Warning: All reviews on When It Was Cool are likely to contain spoilers both major and minor. This review contains spoilers both literal and figurative. One the Spoilers even cries so watch out for that.
I will be reviewing both classic comic books and new releases here at When It Was Cool and the first review for the website is actually going to be a new comic released September 14, 2016 in honor of #BatmanDay on Twitter (follow us @wiwcool). In this review I take a look at Detective Comics 940 from DC Comics.
Since the New 52 (thankfully) ended and DC was reborn with rebirth, I have really been drawn back into the DC Universe for the first time in a few years. Batman (not Bruce Wayne) in a giant robot battle suit was just not doing it for me so a return of the more classic Batman has been one of the biggest positives to me personally in the rebirth era. Detective Comics has also returned to the classic numbering which I also love, call me a nostalgist (I run a nostalgia website and podcast for Pete’s sake).
I have both positives and negatives for the cover. A giant sad Clayface in background is fabulous, however I’m not sure what is going on with Batman’s Spider-Man-esque cape. Also the cover is way too DC Cinematic Universe toned in it’s infinite sadness. I guess I’m still too close in time to seeing the horrendously awful Batman vs Superman: Dawn of Darkness. Clayface looks great, Batman looks sad, Bat Woman looks unimpressed, and everyone else looks devastated. One must assume by this that something big happens inside. Let’s see.
The issue starts out with a very angsty battle between Kate-Batwoman and her father who has essentially just sent a military strike to kill Red Robin after Red Robin goes off plan. Lot’s of mean faces and daddy issues. Colonel Jacob Kane is still trying to convince Kate that he is the good guy but she isn’t buying it.
Argus arrives with orders for the President of the United States to take down Col. Kane if he doesn’t surrender. He has been branded a terrorist and we get the title logo “Rise of the Batmen: Part Seven: The Red Badge of Courage”.
Col. Kane attempts to escape but is attacked by Kate and prevented from getting away leading to a fight between the father and daughter. We cut scenes to a badly injured Red Robin (Tim Drake) who is about to be cut down by a drone attack and has a heart-wrenching final conversation with Batman and says his goodbyes then we see him cut down in a gripping splash page. A tremendous one page spread with amazing art work. The following page shows the reactions of Batman (anger), Clayface (sadness), Alfred, Nightwing, and others.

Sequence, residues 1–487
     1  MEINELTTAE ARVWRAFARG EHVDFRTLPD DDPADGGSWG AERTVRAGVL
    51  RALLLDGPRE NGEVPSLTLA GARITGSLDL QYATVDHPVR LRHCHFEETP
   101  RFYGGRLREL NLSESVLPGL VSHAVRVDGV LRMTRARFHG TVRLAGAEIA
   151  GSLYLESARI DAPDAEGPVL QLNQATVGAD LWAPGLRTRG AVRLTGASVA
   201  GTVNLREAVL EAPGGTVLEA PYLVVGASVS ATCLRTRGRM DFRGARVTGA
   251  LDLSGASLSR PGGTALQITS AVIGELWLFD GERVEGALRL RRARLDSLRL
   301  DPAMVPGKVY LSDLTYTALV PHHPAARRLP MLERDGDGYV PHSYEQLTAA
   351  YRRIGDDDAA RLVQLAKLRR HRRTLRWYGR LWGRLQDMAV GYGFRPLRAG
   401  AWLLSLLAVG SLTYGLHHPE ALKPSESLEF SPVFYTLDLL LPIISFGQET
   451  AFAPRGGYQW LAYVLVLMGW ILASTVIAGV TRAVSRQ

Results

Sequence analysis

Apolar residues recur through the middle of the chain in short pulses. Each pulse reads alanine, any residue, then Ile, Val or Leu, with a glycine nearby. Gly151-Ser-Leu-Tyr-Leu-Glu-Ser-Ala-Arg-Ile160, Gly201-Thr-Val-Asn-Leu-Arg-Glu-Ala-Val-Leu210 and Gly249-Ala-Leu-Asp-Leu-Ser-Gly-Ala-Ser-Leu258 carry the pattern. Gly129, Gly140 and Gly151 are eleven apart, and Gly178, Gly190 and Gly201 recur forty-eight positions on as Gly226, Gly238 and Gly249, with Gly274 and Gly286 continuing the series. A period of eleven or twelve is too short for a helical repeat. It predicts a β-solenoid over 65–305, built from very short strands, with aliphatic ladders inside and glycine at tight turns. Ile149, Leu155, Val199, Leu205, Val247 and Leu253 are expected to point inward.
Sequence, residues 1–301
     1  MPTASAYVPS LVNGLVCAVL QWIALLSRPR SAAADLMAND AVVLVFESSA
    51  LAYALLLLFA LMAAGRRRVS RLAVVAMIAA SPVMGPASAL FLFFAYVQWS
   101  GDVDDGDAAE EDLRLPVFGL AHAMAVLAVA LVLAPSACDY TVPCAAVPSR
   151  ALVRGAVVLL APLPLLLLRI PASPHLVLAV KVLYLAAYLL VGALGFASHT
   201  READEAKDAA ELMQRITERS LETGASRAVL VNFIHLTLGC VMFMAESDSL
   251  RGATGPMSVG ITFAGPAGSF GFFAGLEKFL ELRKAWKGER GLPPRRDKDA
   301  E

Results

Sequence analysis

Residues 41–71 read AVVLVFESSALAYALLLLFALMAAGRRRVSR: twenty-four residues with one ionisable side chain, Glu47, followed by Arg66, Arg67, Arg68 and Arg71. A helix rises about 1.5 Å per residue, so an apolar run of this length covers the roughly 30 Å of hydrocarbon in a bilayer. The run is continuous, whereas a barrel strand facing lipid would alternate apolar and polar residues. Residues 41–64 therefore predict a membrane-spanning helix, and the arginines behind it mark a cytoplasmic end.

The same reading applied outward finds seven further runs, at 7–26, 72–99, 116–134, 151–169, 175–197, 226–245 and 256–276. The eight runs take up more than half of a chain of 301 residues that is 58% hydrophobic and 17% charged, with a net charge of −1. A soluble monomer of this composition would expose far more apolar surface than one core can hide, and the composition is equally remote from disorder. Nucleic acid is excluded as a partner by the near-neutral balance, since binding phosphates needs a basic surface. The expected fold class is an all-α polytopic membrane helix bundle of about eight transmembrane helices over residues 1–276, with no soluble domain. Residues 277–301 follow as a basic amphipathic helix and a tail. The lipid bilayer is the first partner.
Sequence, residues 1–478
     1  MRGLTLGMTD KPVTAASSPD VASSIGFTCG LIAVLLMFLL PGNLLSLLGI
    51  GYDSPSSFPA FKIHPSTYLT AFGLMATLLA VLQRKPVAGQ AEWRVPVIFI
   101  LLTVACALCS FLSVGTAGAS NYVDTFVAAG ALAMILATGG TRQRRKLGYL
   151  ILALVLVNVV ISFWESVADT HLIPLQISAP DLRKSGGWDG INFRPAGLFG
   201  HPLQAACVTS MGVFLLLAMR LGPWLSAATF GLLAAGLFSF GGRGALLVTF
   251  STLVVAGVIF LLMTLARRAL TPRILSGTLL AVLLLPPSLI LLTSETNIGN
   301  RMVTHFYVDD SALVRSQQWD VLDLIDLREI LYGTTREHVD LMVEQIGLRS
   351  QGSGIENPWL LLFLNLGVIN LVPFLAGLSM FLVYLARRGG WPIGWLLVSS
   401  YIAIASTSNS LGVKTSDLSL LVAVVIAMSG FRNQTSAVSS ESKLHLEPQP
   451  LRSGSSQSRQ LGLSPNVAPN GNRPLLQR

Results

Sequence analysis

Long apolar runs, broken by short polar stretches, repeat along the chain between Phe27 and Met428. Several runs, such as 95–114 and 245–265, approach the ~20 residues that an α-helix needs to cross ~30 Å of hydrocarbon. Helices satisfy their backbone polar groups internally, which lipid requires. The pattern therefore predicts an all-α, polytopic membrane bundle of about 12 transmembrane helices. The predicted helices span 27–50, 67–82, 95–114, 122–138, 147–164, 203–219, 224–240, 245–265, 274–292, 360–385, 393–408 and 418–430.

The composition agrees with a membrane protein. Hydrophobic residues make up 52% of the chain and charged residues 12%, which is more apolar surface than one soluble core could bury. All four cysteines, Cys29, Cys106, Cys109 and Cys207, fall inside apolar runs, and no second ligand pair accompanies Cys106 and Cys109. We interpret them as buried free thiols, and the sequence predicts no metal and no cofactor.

Batman then orders Batwoman to take Col. Kane to a holding cell in the belfry instead of turning him over to Argus in order to answer for Red Robin’s death. I don’t know what the deal is with Batman’s cape but it’s distracting. It has an odd webbed texture to it. Maybe I missed an explanation in a previous issue but I’m not a fan of the webbed cape.
Batman checks in on a distraught Spoiler and explains to her that Tim Drake chose this life and gave up his protecting others but Spoiler hands Batman an acceptance letter from Ivy University that Drake had just received and this has a visible effect on Batman. The best page in the entire book is an emotional Batman hugging Spoiler. The emotion is captured perfectly and it is artwork like this which has really won me back over to the DC Universe.
Then we get the swerve and it’s major spoilers from this point forward so be warned. Tim Drake, AKA: Red Robin apparently is not dead but has been teleported away. A surprised Red Robin opens his eyes and speculates on where he might be, noting that he isn’t in The Colony. A mysterious man in a cloak appears and converses with Red Robin who appears to be confined to some sort of cell. Red Robin doesn’t know who his captor is. The issue ends and notes that it picks up next week in Batman issue 7 and Nightwing issue 5.
Over all a quick and action packed issue, though the major drama of Tim Drake being killed is written away by the end of the issue. We don’t yet get resolution for Col. Kane. The drama and emotion which were captured so perfectly in the issue ends up being irrelevant since Red Robin isn’t dead. The issue focuses almost entirely on Batman, Batwoman, Red Robin, Col. Kane, and to a lesser degree- Spoiler. Clayface only shows up to look sad in a panel and on the cover. The entire events in the issue take place in a span of only a few minutes. The issue never drags and is a quick read but the artwork is excellent and compels you to buy the next issues. I’d give the issue an A-.
Script by James Tynion IV. Pencils by Eddy Barrows. Eber Ferreira on inks. Colors by Adriano Lucas. Letters by Marilyn Patrizio. Cover by Barrows, Ferreira, and Lucas. Assistant editor Dave Wielgosz. Editor Chris Conroy. Group Editor Mark Doyle. And of course, Batman created by Bob Kane with Bill Finger.